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Somali pirates dump rice, keep cement

The MV Semlow, hijacked by pirates off the Somali coast, appears to have been released, along with its cargo. Reuters reports that the ship is now “bound for a safe port under friendly guard”. Seized in June, the Semlow was carrying 850 tons of rice – famine aid for communities affected by the Indian Ocean tsunami. (I posted in some detail about the situation a few weeks ago.) Actual accounts of what happened are spotty and scarce (as is almost all information from southern Somalia), but it looks like the pirates – who had used the Semlow to seize an Egyptian vessel (the Ibnu Batuta) carrying cement – ran out of gas, and were forced to use the Egyptian vessel to tow the Semlow to port in Elmaan.

Given that the pirates had asked for $500,000 for the ship and cargo, it seems unlikely that they gave up the vessel without some compensation from the Motaku Shipping Agency, which owns the vessel and leased it to the World Food Programme. WFP insists that no money was paid to the pirates, and is worried that Motaku has traded the cargo for the release of the ship – WFP has been running newspaper ads warning that selling stolen grain is a violation of international law. I’m sure that will be an effective deterrent in a country that lacks central government and effective law enforcement…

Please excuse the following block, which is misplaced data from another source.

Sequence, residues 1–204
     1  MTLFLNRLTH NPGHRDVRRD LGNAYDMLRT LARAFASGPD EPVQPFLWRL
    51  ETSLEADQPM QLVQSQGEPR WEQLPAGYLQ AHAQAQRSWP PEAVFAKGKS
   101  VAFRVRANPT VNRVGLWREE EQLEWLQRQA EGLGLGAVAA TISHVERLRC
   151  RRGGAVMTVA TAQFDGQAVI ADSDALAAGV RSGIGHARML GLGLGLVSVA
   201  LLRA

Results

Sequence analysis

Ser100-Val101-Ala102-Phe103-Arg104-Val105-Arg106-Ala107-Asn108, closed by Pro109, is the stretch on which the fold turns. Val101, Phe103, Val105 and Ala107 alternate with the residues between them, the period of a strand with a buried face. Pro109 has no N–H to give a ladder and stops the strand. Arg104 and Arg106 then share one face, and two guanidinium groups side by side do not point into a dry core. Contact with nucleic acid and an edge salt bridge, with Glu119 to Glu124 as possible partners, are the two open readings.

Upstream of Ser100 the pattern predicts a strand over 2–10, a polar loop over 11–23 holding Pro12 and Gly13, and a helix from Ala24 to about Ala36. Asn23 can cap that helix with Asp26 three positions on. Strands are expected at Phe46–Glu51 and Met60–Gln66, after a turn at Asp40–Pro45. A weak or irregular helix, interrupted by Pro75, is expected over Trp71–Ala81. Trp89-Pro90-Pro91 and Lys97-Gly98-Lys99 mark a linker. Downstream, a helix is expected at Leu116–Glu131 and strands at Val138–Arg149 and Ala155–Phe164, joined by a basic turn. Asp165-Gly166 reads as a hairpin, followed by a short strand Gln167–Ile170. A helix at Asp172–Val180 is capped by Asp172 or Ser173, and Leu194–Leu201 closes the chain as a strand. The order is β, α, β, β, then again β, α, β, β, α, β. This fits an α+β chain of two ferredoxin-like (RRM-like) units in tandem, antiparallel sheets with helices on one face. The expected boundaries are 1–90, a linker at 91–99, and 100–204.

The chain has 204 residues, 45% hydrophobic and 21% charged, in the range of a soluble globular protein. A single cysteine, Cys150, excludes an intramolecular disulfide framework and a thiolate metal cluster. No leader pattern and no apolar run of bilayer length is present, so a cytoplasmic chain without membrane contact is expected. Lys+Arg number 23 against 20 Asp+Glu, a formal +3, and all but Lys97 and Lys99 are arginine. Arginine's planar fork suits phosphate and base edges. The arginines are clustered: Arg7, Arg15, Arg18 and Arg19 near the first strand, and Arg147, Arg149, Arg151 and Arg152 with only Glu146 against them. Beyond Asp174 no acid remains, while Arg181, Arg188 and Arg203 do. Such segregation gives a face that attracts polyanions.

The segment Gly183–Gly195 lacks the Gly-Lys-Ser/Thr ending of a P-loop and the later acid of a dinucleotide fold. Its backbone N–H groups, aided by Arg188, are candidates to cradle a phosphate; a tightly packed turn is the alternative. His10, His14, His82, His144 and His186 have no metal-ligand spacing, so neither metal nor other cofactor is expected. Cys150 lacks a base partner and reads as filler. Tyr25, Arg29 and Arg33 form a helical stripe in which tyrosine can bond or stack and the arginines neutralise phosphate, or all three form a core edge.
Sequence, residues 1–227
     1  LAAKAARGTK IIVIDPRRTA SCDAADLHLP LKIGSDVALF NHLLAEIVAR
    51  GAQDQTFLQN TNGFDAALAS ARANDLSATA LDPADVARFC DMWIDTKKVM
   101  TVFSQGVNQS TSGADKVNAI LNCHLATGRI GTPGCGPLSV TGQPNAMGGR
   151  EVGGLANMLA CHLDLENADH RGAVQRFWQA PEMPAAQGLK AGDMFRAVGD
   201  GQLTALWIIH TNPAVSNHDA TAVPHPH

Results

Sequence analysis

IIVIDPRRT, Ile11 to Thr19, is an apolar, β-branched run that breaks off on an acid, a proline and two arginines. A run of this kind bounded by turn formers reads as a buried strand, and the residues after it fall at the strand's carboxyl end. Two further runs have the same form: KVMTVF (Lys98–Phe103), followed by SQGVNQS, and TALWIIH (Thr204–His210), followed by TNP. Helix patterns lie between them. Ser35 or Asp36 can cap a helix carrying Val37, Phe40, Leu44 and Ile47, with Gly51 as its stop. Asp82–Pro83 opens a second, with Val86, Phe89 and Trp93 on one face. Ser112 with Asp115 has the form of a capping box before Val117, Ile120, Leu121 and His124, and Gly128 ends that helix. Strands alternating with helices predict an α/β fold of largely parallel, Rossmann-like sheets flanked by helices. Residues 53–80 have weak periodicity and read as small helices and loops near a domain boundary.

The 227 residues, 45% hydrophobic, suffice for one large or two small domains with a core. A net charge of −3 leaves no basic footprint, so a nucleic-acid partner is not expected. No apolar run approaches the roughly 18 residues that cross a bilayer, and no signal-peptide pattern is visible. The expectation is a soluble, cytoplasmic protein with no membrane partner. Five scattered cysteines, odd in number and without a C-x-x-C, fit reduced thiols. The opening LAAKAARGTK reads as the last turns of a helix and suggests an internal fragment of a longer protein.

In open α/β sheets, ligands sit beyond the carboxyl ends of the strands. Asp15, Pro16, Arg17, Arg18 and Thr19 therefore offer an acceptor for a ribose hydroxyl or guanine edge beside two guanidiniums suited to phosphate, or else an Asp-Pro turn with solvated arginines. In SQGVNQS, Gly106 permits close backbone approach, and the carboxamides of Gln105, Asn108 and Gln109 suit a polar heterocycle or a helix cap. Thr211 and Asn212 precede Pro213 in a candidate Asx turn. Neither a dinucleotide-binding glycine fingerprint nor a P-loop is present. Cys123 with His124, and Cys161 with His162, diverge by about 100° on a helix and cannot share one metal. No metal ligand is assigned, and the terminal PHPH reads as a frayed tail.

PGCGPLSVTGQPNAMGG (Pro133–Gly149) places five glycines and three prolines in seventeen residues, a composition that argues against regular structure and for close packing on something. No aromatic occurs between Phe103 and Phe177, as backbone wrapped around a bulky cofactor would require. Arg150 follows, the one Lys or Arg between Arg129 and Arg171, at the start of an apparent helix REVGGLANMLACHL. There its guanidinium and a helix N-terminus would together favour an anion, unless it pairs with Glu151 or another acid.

No official word on the situation from WFP since a September 28th press release. It will be interesting to see how the release of the Semlow is explained by the WFP, which is understandably loath to see anyone paying ransoms for the release of hijacked vessels, for fear that hijacking foodaid will become a new growth business for pirates.

3 thoughts on “Somali pirates dump rice, keep cement”

  1. I wonder how many people died of hunger due to a lack of food and medical care in Somalia after the Tsunami of December 2004 hit? This wasn’t an act of piracy, this was an act of multiple murder by the so-called Somali pirates against their own people.

    Makes you wonder what the international military troops over in Djibouti and up and down the Red Sea are doing? I thought this was supposed to be their patrol territory in order to stop acts of international terrorism. What are they doing, escorting and protecting oil and LNG tankers and ingnoring everything else on the Red Sea?

    Here is a link to the Mariner Warning Info bulletin from the USN’s Office of Naval Intelligence dated September 21, 2005. Somalia and several other coastal countries around the globe are in there. Piracy and murder on the 7 seas of the world is on the rise, big time.


  2. Checkout Item 3.J. under the the section of the USN-ONI report titled “This Week’s Highlights”. Here’s the text:

    1. LPG tanker boarded, robbed 27 Aug, Khawr Abd Allah, Iraq.

    LPG!! Like in liquified propane and butane?? Aach Du Schei–e! Robbed of what? Hopefully not the cargo. Isn’t LPG highly explosive?

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